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US to return artworks stolen by Nazis to heirs of Austrian Jewish cabaret star

AFP
AFP - [email protected]
US to return artworks stolen by Nazis to heirs of Austrian Jewish cabaret star
This photo illustration created on September 13, 2023 shows a person looking on a computer screen at artwork by Austrian expressionist Egon Schiele entitled "Russian War Prisoner" (L), "Portrait of a Man" (R) and "Girl With Black Hair" (top), which were seized by investigators in 2023. The US announced on Friday that it would return artworks stolen by Nazis to heirs of Austrian Jewish cabaret star and art collector Fritz Grunbaum. (Photo by Chris DELMAS / AFP)

US authorities announced Friday that two drawings worth $2.5 million stolen by the Nazi regime and eventually displayed in American museums will be returned to relatives of Fritz Grunbaum, an Austrian Jewish cabaret performer killed in the Holocaust.

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It follows the return last year of seven works of art stolen from Grunbaum in 1938 and sold by the Nazis to fund their war machine.

"Girl with Black Hair" had been held by the Allen Museum of Art at Oberlin College and is valued at approximately $1.5 million, while "Portrait of a Man" was in the Carnegie Museum of Art collection and valued at approximately $1 million.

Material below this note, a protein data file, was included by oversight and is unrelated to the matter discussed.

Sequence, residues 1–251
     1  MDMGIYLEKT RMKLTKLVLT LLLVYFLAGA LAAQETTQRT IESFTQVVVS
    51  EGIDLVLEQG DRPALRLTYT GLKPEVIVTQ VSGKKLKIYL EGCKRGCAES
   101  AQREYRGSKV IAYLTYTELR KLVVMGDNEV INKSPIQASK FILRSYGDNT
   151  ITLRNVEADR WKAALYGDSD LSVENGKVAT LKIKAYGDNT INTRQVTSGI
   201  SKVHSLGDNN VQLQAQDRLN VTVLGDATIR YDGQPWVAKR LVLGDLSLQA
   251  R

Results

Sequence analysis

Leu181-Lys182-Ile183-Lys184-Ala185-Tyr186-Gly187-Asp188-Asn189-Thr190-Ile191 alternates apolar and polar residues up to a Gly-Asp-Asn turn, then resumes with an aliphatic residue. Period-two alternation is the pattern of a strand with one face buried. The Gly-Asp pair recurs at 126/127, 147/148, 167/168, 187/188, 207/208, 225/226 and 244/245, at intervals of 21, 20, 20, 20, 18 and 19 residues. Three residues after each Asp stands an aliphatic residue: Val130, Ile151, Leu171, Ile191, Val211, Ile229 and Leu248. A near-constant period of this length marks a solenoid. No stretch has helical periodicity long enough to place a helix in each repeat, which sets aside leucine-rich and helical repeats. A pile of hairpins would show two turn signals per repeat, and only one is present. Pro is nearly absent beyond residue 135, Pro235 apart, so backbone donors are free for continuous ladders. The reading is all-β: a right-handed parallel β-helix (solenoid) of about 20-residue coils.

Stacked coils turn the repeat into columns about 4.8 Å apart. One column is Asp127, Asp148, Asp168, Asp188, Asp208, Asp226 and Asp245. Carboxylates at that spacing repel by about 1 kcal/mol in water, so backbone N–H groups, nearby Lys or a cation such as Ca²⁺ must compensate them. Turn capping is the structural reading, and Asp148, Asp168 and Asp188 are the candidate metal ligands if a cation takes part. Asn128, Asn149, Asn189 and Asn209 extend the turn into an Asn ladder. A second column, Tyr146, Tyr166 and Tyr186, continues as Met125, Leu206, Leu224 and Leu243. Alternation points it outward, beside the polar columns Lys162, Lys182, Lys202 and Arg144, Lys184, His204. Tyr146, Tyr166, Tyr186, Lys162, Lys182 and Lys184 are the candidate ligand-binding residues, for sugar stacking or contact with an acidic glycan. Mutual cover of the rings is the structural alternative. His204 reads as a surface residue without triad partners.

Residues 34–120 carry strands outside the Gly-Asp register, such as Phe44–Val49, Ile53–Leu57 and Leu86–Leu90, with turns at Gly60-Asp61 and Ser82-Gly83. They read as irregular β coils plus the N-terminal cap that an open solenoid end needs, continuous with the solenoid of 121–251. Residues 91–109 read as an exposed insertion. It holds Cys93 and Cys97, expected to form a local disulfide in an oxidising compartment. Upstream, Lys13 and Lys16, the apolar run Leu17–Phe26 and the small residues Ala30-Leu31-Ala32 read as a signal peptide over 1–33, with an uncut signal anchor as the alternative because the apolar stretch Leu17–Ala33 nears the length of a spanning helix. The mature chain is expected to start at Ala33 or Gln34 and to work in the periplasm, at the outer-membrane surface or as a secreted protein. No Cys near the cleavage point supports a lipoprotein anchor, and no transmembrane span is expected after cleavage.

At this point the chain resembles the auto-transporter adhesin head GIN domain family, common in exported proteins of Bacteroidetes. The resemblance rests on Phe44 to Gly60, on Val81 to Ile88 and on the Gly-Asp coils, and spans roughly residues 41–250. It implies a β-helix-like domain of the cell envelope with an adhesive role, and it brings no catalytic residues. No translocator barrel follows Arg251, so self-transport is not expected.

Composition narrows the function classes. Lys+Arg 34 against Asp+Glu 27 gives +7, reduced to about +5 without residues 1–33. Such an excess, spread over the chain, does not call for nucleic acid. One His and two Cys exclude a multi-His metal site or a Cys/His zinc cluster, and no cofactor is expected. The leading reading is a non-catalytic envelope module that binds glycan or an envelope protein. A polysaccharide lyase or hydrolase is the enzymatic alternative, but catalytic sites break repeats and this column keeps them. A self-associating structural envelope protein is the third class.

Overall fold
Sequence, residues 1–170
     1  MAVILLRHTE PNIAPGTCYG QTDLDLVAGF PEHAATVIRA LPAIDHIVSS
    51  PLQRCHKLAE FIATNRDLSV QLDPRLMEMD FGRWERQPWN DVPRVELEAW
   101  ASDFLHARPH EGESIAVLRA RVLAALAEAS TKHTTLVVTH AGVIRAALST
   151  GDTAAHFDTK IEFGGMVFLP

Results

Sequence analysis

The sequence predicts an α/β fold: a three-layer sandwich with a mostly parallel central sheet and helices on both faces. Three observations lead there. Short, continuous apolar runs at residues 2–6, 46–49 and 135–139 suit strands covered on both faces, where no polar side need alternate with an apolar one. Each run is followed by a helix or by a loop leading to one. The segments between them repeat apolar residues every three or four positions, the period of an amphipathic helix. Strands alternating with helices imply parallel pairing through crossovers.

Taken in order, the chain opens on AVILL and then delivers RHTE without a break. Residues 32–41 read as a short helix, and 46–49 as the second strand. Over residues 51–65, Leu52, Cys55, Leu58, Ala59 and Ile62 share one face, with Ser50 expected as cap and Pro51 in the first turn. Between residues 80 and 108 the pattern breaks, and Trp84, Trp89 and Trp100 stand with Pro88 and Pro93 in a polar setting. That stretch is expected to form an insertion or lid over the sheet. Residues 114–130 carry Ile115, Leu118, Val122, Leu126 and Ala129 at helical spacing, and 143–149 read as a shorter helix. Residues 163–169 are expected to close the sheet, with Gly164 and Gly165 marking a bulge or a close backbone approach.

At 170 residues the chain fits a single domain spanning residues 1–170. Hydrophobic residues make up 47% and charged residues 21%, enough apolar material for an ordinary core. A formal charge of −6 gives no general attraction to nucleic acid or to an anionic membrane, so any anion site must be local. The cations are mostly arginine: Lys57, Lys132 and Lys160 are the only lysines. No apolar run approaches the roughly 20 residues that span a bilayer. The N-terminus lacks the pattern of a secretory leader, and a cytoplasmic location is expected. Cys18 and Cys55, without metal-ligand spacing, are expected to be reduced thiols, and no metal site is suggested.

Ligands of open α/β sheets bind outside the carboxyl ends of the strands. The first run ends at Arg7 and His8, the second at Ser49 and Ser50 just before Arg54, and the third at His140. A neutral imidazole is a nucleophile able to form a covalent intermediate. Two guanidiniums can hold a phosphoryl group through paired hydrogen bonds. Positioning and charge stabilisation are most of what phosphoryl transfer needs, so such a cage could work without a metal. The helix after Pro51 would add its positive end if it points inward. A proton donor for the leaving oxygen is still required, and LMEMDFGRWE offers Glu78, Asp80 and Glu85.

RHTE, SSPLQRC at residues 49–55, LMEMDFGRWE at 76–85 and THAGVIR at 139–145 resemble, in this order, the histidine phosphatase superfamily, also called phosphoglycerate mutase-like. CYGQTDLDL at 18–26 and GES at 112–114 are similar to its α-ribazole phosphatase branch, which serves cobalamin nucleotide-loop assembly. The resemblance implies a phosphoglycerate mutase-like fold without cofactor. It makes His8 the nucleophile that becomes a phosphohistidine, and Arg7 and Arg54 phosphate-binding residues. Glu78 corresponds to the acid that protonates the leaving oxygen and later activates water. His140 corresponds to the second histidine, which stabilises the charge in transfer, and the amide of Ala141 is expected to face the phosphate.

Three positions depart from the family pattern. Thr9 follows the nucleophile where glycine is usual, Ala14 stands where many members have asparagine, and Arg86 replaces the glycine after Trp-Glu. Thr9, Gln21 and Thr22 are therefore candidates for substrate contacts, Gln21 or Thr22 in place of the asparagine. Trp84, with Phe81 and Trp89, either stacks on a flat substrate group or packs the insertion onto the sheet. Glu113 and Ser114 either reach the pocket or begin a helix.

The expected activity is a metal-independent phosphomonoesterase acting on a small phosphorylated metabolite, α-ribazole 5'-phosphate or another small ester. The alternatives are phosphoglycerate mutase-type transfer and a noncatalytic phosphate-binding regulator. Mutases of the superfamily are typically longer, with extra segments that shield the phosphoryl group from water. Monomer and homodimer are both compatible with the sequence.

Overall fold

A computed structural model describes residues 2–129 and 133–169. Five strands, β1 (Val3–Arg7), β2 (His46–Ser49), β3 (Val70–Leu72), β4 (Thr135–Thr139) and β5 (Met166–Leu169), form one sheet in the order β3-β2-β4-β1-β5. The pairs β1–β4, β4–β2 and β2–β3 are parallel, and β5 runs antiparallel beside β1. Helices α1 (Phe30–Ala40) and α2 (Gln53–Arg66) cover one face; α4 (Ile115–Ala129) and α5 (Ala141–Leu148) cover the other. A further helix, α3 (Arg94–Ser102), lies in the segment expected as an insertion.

They are both by Egon Schiele, an Austrian expressionist artist.

"This is a victory for justice, and the memory of a brave artist, art collector, and opponent of Fascism," said Timothy Reif, a judge and relative of Grunbaum who died in Dachau concentration camp.

"As the heirs of Fritz Grunbaum, we are gratified that this man who fought for what was right in his own time continues to make the world fairer decades after his tragic death."

This handout image provided by the New York District Attorney's Office on September 20, 2023, shows the painting "A Portrait of a Boy" by Austrian artist Egon Schiele.

This handout image provided by the New York District Attorney's Office on September 20, 2023, shows the painting "A Portrait of a Boy" by Austrian artist Egon Schiele. (Photo by New York District Attorney's office / AFP) 

In addition to the seven returned last year and the two latest pieces to be handed back, one piece was surrendered by a collector directly to the family.

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"The fact that we have been able to return ten pieces that were looted by the Nazis speaks to the dogged advocacy of his relatives to ensure these beautiful artworks could finally return home," said Manhattan District Attorney Alvin Bragg.

Grunbaum, who was also an art collector and critic of the Nazi regime, possessed hundreds of works of art, including more than 80 by Schiele.

Schiele's works, considered "degenerate" by the Nazis, were largely auctioned or sold abroad.

Arrested by the Nazis in 1938, Grunbaum was forced while at Dachau to sign over his power of attorney to his spouse, who was then made to hand over the family's entire collection before herself being deported to a different concentration camp, in current-day Belarus.

 

 

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